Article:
Thanks to the pervasive influence of the mainstream media, most people are well aware that surgical instruments must be carefully sterilized prior to their use in any medical procedure, in order to protect the safety of the patient. Health professionals, however, realize that sterilization has applications that extend far beyond the ER. Sterilization procedures are routinely used in a wide variety of health-related fields—including dentistry, which we’ll focus on in this article.
In dentistry, a number of techniques and procedures have been developed to deal with the pressing issue of keeping devices free from microbes and other hazardous agents. In many cases, dental practitioners resort to “single-use” devices, such as syringes, brushes, and saliva ejectors; these items, which cannot tolerate conventional sterilization methods, are designed to be discarded immediately after one application. But some devices must be used repeatedly—what then? This is where autoclaves come in. These are high temperature pressure chambers that use carefully regulated steam to sterilize instruments and materials. As one might expect, this is a process that must be carried out with enormous care, as even a slight procedural lapse can compromise patient health. Fortunately, the American Dental Association (ADA) has laid out guidelines—based on recommendations issued by the Center for Disease Control (CDC)—that govern the proper use of autoclaves for this industry; let’s explore these principles in more detail.
Three Factors to Consider when Sterilizing Dental Instruments
Regular inspection of autoclaves is essential for ensuring that they can be depended on to perform their sterilizing function in an acceptable manner. According to the ADA, dental professionals should carefully check three types of indicators when monitoring their autoclaves: chemical, mechanical, and biological.
- Chemical – The use of indicator tapes and other types of chemical indicators can help the technician determine whether the autoclave has reached proper sterilization temperatures. An indicator tape works by changing color if sterilization conditions reach a certain threshold. If the indicator does not respond, it should be assumed that any item being sterilized during that cycle should not be regarded as sterile. The use of this indicator alone is not a guarantee that sterilization was effective.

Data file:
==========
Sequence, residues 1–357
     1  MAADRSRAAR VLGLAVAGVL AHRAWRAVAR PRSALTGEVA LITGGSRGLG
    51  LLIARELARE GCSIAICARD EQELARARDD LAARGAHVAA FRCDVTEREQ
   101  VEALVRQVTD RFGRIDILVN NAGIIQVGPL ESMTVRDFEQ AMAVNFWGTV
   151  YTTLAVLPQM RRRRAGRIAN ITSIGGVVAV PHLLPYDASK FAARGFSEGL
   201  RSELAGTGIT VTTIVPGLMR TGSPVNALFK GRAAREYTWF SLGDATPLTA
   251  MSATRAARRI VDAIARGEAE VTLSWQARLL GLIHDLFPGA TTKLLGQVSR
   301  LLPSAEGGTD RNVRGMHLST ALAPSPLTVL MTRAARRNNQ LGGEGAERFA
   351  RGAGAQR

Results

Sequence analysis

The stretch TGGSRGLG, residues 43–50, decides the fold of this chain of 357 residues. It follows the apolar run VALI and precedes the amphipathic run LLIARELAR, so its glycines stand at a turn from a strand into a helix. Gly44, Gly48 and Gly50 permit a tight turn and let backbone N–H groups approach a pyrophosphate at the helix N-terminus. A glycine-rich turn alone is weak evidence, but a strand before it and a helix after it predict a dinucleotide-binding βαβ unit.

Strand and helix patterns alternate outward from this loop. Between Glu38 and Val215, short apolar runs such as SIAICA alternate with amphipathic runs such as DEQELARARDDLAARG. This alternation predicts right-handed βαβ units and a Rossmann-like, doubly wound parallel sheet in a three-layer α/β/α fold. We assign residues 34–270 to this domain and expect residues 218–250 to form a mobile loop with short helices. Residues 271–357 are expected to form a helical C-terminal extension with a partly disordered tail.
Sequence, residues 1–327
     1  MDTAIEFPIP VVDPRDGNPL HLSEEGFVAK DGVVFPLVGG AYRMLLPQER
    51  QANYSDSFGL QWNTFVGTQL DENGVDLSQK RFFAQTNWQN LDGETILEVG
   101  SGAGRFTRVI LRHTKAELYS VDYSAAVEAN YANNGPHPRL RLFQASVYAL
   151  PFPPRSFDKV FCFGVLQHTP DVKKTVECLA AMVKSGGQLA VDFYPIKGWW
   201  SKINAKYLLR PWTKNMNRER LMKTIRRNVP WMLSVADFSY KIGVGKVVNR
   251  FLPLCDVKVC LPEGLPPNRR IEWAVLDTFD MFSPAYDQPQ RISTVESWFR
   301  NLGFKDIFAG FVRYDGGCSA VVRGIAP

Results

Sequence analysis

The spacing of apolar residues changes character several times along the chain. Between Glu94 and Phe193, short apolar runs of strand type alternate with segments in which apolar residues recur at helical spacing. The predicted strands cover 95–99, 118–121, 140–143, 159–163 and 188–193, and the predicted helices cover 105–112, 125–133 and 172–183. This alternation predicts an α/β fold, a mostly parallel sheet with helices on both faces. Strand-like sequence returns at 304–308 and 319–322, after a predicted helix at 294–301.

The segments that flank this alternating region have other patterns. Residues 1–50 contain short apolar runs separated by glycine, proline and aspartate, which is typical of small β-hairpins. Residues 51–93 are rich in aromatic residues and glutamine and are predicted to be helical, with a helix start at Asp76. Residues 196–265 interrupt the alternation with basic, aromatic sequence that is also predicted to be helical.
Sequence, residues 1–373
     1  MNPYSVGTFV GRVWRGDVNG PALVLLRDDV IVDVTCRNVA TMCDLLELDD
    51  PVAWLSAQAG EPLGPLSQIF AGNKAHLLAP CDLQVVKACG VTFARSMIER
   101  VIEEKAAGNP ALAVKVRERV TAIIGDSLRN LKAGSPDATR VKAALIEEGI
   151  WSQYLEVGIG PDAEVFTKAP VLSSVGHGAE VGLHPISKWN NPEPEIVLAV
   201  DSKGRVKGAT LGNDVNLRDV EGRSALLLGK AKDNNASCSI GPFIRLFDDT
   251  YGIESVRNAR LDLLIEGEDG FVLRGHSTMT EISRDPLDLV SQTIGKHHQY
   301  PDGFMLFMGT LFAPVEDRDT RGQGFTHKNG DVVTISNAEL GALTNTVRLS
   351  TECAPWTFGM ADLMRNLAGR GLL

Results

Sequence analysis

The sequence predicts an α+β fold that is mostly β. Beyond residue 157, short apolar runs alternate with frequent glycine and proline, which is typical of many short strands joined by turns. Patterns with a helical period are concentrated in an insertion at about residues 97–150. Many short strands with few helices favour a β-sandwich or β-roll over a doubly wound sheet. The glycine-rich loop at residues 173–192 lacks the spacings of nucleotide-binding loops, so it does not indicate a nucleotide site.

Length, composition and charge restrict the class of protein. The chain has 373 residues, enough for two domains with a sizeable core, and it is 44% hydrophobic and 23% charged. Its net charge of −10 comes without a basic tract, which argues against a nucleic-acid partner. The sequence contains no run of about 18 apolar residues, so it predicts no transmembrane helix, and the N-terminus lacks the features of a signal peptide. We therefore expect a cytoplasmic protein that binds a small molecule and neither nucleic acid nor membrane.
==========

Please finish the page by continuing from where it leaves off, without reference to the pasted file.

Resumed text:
- Mechanical – It is important to monitor temperature, pressure, and cycle duration while validating or using the autoclave. To accomplish this, technicians typically use high-quality data loggers; in fact, there are several currently available that are specifically designed for use with autoclaves and provide reporting tools for easy data analysis and confirmation.
- Biological – Finally, biological monitoring is important to root out problems with the autoclave and ensure successful sterilization cycles. According to the CDC, an autoclave used in a dental setting should be examined for biological indicators at least once per week. The technician may elect to use spore monitoring strips or resort to a "mail-in" service to check for the presence of harmful microbes.
It’s worth pointing out that, in addition to the above, a dental practice may be subject to state and local regulations that might impose further regulatory obligations. Dental professionals have a responsibility to stay current with any applicable guidelines.
Founded in 1996, MadgeTech, Inc. is dedicated to the development and manufacture of high-quality data loggers and related accessories. Distributed worldwide, the company’s line of products includes temperature, humidity, motion, voltage, water level, and wind loggers, among others. MadgeTech is based in Warner, New Hampshire.